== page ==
followed by a second hop in November 2012 with an 8-second flight that took the testbed approximately 5.4 metres (18 ft) off the ground, and a third flight in December 2012 of 29 seconds duration, with extended hover under rocket engine power, in which it ascended to an altitude of 40 metres (130 ft).[34] In the latest test conducted on October 2013 of 78.8 seconds duration, it reached an altitude of 744 metres (2,441 ft).[45]

Proposed future concepts[edit]

In a presentation to the Joint Propulsion Conference in July 2010, SpaceX revealed a preliminary unfunded design concept for a larger Merlin 2 engine which could conceivably replace the nine engine cluster used on the Falcon 9 and Falcon Heavy cores.[46] At conference, it was suggested that Merlin 2 could also be used on conceptual super heavy-lift launch vehicles Falcon X, Falcon X Heavy, and Falcon XX. The Falcon X could use three Merlin 2 engines, the Falcon X Heavy scaling up by tripling the first-stage cores, and the Falcon XX would be an even larger in-line configuration with six Merlin 2 engines.[46]

By August 2010, SpaceX CEO Elon Musk clarified that while the Merlin 2 engine architecture was a possible element of any effort they would make toward their objective of "super-heavy lift" launch vehicles,[47] the potential launch vehicle design configurations shown by Markusic at the propulsion conference were merely conceptual "brainstorming ideas", just a "bunch of ideas for discussion," and not financed SpaceX projects.[47]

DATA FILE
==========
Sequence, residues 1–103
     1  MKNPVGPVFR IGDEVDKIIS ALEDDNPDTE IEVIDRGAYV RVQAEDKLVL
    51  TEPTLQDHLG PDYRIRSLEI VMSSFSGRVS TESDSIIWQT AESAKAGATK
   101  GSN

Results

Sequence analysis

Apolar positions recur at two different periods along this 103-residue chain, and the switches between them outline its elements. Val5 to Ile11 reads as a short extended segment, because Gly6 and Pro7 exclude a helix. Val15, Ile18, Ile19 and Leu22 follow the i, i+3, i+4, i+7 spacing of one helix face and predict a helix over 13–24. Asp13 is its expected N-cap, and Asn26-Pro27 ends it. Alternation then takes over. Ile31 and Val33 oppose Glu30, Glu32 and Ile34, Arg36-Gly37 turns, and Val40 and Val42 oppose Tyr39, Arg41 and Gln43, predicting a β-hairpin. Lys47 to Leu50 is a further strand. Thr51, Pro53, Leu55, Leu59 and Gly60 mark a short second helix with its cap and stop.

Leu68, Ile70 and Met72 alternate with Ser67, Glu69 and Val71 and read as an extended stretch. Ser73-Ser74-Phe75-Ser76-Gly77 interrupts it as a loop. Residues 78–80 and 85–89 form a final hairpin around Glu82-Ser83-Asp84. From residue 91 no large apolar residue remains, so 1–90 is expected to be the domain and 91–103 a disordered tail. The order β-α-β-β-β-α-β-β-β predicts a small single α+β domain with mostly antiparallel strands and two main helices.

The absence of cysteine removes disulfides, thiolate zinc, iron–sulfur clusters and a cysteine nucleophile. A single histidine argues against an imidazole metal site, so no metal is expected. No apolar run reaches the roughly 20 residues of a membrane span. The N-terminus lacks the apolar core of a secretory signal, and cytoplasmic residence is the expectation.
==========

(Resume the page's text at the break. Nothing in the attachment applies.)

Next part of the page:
Since its announcement, the status of the Merlin 2 engine has become unclear. Merlin 2 was to originally have been a gas-generator cycle engine, just like Merlin 1. However, at the 2011 Joint Propulsion Conference, Elon Musk stated that SpaceX were instead working towards a potential staged cycle engine.[48] In October 2012, SpaceX publicly announced concept work on a rocket engine that would be "several times as powerful as the Merlin 1 series of engines, and won't use Merlin's RP-1 fuel".[49] They indicated that the large engine was intended for a new SpaceX rocket, using multiple of these large engines could notionally launch payload masses of the order of 150 to 200 tonnes (150,000 to 200,000 kg) to low-Earth orbit. The forthcoming engine currently under development by SpaceX has been named "Raptor". Raptor will use liquid methane as a fuel, and will have a sea-level thrust of 1,000,000 pounds-force (4,400 kN).[50]

Merlin 2 Conceptual Launch Vehicles (2010) F9 with Merlin 21 F9H with Merlin 21 Falcon X Falcon X Heavy Falcon XX
Cores 1[51] 3[51] 1 3 1
M2 Engines per core 1[51] 1[51] 3 3 6
Total thrust (MN) 5.3[51] 16[51] 16[51] 48[51] 45[51]
Mass to LEO (tonnes) 11.5[51] 34.0[51] 38.0[51] 125.0[51] 140.0[51]

1Conceptual Merlin 2 versions, unrelated to normal Falcon 9 and Falcon Heavy.[52]

Competitive position[edit]

SpaceX Falcon rockets are being offered to the launch industry at highly competitive prices, allowing SpaceX to build up a large manifest of over 50 launches by late 2013, with two-thirds of them for commercial customers exclusive of US government flights.[53][54]